Tuesday, November 29, 2016

What Happens When You Give Basic Income To The Poor? Canada Is About To Find Out

Poverty is increasing in most industrialized countries and represents the biggest enemy of our society. Whenever a country experiences a high rate of poverty, crime goes up. Increased crime means the cost for policing and incarceration goes up. What also goes up are social behavior problems, racial profiling, social costs in general )food stamps, housing allowance and medical costs, health insurance etc. etc.

What goes DOWN is productivity, and consummation, with other words the overall economy. The USA has a 14% poverty rate equaling 46mill. Americans and  Canada doesn’t look much better.

  • 1 in 7 (or 4.9 million) people in Canada live in poverty.
  • In Edmonton, 1 in 8 individuals are currently living in poverty.
  • Poverty costs Canada as a whole between $72 billion and $84 billion annually; Ontarians pay $2,299 – $2,895 per year, while British Columbians pay over $2,100 per year.
  • Precarious employment has increased by nearly 50% over the past two decades.
  • Between 1980 and 2005 the average earnings among the least wealthy Canadians fell by 20%.
  • Over the past 25 years, Canada’s population has increased by 30% and yet annual national investment in housing has decreased by 46%.

         Source: http://www.cwp-csp.ca/poverty/just-the-facts/

If major problems with economy and society shall be avoided It is quite clear that a sustainable solution needs to be found fast.
Several countries are considering to establish a guaranteed income system, which will eliminate a lot of other social costs, like the ones mentioned above. The Province of Ontario is now discussing a basic income project to all residents:


Ontario is poised to become a testing ground for basic income in 2017 as part of a pilot program. Hugh Segal is the special advisor to the Canadian province and a former senator. He believes a supplemental income of $1,320 a month could provide a viable path to poverty abatement—effectively replacing welfare programs and a system he described as “seriously demeaning” in a paper discussing this basic income pilot project.

Segal suggests this pilot project would provide real evidence to whether basic income is the solution to poverty many governments have been seeking. It would answer many of the burning questionsand concerns regarding such a system:

  • Can basic income policies provide a more efficient, less intrusive, and less stigmatizing way of delivering income support for those now living in poverty?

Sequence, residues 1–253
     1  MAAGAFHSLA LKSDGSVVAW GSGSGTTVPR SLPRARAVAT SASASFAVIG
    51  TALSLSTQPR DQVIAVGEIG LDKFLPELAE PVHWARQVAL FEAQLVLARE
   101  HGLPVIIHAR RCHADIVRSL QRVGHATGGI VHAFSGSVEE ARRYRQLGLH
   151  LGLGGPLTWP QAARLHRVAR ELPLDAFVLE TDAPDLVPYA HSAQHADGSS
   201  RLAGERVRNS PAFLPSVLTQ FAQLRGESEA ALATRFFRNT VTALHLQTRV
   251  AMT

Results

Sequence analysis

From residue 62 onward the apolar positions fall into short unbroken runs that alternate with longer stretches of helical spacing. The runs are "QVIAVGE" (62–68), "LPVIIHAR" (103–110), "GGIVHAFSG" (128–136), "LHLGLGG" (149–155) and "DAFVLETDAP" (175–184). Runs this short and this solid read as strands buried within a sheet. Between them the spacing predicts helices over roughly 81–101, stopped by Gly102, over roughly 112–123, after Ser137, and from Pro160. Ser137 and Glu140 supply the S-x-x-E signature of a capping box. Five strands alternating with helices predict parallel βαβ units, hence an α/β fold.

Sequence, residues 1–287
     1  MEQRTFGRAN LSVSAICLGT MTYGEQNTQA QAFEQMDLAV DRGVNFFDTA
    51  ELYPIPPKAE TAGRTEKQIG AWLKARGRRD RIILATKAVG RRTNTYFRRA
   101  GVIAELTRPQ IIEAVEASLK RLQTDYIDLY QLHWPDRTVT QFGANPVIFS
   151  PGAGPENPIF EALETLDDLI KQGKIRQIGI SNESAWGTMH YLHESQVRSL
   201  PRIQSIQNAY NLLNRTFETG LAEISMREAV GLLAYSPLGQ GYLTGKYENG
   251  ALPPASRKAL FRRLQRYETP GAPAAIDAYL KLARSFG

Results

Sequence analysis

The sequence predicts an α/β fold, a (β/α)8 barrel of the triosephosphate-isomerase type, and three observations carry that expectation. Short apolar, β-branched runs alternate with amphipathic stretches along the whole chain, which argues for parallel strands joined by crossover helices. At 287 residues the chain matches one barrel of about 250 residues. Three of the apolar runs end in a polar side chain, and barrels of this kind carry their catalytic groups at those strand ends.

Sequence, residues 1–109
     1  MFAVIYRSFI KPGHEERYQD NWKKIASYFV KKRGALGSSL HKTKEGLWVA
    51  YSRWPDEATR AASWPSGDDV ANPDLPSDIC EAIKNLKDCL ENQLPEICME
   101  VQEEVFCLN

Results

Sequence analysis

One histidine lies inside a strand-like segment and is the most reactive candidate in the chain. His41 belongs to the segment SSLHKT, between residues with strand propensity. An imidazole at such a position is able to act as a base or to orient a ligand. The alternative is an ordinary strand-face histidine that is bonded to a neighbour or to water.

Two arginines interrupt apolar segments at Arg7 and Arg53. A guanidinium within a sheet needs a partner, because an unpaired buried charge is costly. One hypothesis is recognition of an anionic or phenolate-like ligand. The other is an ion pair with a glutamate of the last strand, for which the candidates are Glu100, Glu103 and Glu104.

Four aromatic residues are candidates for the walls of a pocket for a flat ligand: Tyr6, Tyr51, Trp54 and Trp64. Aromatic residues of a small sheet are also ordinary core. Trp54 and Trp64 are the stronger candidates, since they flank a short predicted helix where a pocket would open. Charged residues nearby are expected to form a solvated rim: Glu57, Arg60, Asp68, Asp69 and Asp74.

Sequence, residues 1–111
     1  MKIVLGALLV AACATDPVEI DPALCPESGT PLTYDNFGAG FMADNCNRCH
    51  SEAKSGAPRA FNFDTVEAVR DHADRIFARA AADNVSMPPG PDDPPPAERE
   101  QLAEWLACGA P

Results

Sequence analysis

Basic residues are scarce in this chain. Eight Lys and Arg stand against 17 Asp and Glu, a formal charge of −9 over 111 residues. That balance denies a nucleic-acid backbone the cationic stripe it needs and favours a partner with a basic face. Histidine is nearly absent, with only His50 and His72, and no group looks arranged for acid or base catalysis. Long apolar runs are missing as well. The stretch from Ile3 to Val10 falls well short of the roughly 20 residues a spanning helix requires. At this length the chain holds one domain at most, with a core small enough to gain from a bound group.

• Can those policies also encourage work, relieve financial and time poverty, and reduce economic marginalization?
  • Can a basic income reduce cost pressures in other areas of government spending, such as healthcare?
  • Can a basic income strengthen the incentive to work, by responsibly helping those who are working but still living below the poverty line?

In the United States, welfare programs are the staple of big government—a Republican nightmare. Paul Ryan has indicated he wants to phase-out these entitlement programs, however, he’s alsoconcerned about solving the poverty issue in America. If Ontario’s proposed three-year project provides compelling evidence that basic income could do both, we may have a bi-partisan solution.

Segal is a conservative. In his view, welfare programs help alleviate some of the symptoms of poverty, but provide no long-term program to get people out.

“Testing a basic income is a humane and useful way to measure how so many of the costs of poverty (in terms of productivity, health, policing, and other community costs, to name only a few) might be diminished, while poverty itself is reduced and work is encouraged,” Segal says in the report.

A guaranteed income would provide a floor no one would fall beneath and citizens would receive it regardless of employment status. Conservatives like it because it provides an elegant solution that could replace the welfare state and the left love it because it provides a greater social architecture.

However, many question how giving people free money could fix many of our socio-economic issues. But we won’t know if we don’t try—if we don’t do the research to find a solution, which is what Segal suggests.